Our friends at Harvard are beginning to share some of what they are learning from HarvardX:
Andrew Ho, research director of HarvardX and an assistant professor at the Harvard Graduate School of Education (HGSE), spoke with the Gazette about a recent study that found that interspersing online lectures with short tests improved student performance. The practice cut student mind-wandering by half, tripled the rate of note-taking, and improved overall retention of the material, according to the research, published last week in the Proceedings of the National Academy of Sciences.
GAZETTE: In describing the study, senior author Daniel Schacter, the William R. Kenan Jr. Professor of Psychology, said there is “shockingly little” hard scientific data on how students learn online — how useful do you see this new study as being?
HO: Of course it’s incredibly important. Dan is a member of our HarvardX Research Committee, which is charged with coordinating and supporting the research mission of HarvardX, and research like this is one reason he’s on that committee, and one of the many ways he’s contributed to our discussions thus far.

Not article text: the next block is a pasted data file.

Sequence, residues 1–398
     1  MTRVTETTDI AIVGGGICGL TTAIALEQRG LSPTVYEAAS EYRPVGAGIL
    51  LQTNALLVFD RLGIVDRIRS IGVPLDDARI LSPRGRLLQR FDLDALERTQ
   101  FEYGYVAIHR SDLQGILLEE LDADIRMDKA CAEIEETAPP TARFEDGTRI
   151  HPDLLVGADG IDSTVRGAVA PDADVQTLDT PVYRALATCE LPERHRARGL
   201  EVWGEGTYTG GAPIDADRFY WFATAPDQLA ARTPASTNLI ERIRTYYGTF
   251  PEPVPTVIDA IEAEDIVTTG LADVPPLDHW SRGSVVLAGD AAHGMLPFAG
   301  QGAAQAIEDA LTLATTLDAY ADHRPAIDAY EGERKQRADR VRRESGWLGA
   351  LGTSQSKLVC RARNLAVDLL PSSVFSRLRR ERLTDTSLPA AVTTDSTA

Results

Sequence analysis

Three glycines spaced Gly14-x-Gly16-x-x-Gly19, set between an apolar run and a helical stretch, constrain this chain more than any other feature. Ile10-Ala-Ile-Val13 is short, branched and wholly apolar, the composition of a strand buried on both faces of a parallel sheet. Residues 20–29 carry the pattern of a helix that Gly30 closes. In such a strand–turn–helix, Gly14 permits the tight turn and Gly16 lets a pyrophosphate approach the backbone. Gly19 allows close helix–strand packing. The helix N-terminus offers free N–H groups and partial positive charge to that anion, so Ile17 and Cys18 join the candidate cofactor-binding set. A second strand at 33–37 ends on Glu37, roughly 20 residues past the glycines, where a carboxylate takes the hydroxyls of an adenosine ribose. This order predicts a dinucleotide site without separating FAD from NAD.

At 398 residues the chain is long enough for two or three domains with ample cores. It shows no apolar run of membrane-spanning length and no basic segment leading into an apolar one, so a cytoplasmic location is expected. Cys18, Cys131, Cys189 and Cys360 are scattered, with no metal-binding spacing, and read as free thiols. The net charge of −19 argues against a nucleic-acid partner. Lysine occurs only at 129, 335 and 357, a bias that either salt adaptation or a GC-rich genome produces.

It’s true that there are fewer scientific research findings in this field than one would expect, but that is rapidly changing, and it’s frankly our mission to change it. One of the challenges to this type of research is that it can be difficult to obtain large sample sizes, but the platform we have is beginning to change that. We are able to capture every mouse click with HarvardX, and that is an incredibly rich resource for research. It’s allowing us to address a number of questions that we hadn’t been able to address in the past, and Dan’s paper is an example of the type of work we want to facilitate. Read more.